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Mahler Symphonies Favorite Recordings - Page 80

post #1186 of 3714
Quote:
Originally Posted by Mark from HFR
Will do... I'll have to pay some bills first though: Maxed out my charge card on the Kondrashin Shostakovich set!
Try and get a free copy. It's on the Decca label (which has been the graveyard of many a fine recording).
post #1187 of 3714
Quote:
Originally Posted by Bunnyears
Try and get a free copy. It's on the Decca label (which has been the graveyard of many a fine recording).
Yes, I hear they're trying to boost efficiency by having the accountants delete recordings before their even made.
post #1188 of 3714
What's odd is that Universal Music owns them too. I am sure that the accountants want the Universal shares to go up, up, up.
post #1189 of 3714
Quote:
Originally Posted by Mark from HFR
Just through with the 1st mvt of Kondrashin's 9th... Wow, no wonder Kondrashin died young of a heart attack! Truly great stuff-- a real seize-you-by-the-throat rendition. The horns are a bit "Russian" (read: wobbly), and K. doesn't slow down at the end of the movement as much as the score suggests, but still, you'd never believe it's a performance that runs just over 25 minutes. Kondrashin was one of those few who could take a fast tempo and make it seem completely natural, indeed, inevitable. On to the rest of the symphony.
Rest of it is on the same level. I would put it up against any other version out there. Makes you wonder what other gems might be tucked away in the archives over in Russia... For instance, could you imagine Kondrashin in the Tchaikovsky Symphonies? Or Schumann? Oh, the mouth waters...

I am currently listening to kick ass live Brahms 1 by Kondrashin and the Conertgebouw which Philips put out a number of years ago on CD... for about 15 minutes. Bit of a boomy recording from Dutch radio, but still great stuff.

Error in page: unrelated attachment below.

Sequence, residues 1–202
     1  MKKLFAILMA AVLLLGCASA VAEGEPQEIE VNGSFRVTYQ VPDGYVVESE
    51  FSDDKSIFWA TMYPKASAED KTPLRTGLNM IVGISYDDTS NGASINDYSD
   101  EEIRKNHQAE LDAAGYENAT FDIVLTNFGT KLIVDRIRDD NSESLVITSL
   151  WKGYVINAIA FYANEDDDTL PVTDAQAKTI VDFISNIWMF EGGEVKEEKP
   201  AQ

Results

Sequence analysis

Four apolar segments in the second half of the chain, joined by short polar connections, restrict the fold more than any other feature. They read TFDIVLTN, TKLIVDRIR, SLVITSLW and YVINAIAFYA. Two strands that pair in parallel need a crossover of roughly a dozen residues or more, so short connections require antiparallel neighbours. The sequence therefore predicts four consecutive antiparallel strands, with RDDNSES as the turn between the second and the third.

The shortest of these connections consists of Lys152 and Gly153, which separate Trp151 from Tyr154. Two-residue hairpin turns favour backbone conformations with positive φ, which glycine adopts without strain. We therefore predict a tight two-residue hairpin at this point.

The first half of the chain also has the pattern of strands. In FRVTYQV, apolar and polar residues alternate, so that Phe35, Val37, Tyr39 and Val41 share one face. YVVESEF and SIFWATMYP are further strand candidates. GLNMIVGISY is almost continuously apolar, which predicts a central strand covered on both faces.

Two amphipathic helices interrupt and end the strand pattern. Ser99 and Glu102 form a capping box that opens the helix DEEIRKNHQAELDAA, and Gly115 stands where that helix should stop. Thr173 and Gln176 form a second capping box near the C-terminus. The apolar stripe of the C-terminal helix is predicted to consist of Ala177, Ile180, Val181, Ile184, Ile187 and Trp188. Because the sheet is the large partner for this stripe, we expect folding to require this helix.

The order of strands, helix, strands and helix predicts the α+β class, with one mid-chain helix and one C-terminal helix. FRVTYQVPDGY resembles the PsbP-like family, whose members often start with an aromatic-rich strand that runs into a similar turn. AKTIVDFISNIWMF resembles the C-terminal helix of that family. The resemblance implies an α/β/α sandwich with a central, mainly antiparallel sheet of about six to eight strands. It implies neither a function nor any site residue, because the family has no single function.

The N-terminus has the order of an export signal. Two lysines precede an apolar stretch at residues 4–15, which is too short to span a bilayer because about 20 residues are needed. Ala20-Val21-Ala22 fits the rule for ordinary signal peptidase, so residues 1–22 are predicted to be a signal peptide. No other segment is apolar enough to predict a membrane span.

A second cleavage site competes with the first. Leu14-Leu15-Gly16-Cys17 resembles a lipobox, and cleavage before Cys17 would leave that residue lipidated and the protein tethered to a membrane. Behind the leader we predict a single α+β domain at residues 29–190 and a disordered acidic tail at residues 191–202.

post #1190 of 3714
Quote:
Originally Posted by PSmith08
What's odd is that Universal Music owns them too. I am sure that the accountants want the Universal shares to go up, up, up.
I just wish the accountants would realize that there's some stuff in their catalogues which a small number of people would buy if only they'd realease it. It wouldn't be big money for them, but they could make a few bucks by releasing such "collectors' items" to smaller labels, and not have to mess with it themselves.
post #1191 of 3714
There is a lot I'd buy off all three of the UC labels, but the accountants are interested in hundreds of thousands, as opposed to thousands or mere hundreds. Their dream is a crossover artist that goes platinum and has a billion dollar world tour. Like a good Renee Fleming or an even more commercial Yo-Yo Ma.
post #1192 of 3714
Quote:
Originally Posted by PSmith08
There is a lot I'd buy off all three of the UC labels, but the accountants are interested in hundreds of thousands, as opposed to thousands or mere hundreds. Their dream is a crossover artist that goes platinum and has a billion dollar world tour. Like a good Renee Fleming or an even more commercial Yo-Yo Ma.
At least the combined BMG/Sony is showing signs of life-- Not only in the issuing of the 'Living Stereo' stuff on SACD, but I also read somewhere recently that they were planning on giving up on the crossover stuff, because it never amounted to the big bucks they thought it would. They need to realize that classical isn't big money, but it can be a small source of very reliable income.
post #1193 of 3714
Classical, with its small core of devoted listeners, is pretty much the opposite of the music industry today. They want to hook people with a three minute single and turn that into a $13 CD buy. There is no way that they can do that with classical. First, the listeners are far too sophisticated, and, second, the CDs are often more expensive. There are not that many people who can drop $50 on a Parsifal or $25 on a Mahler disc set when the mood strikes them.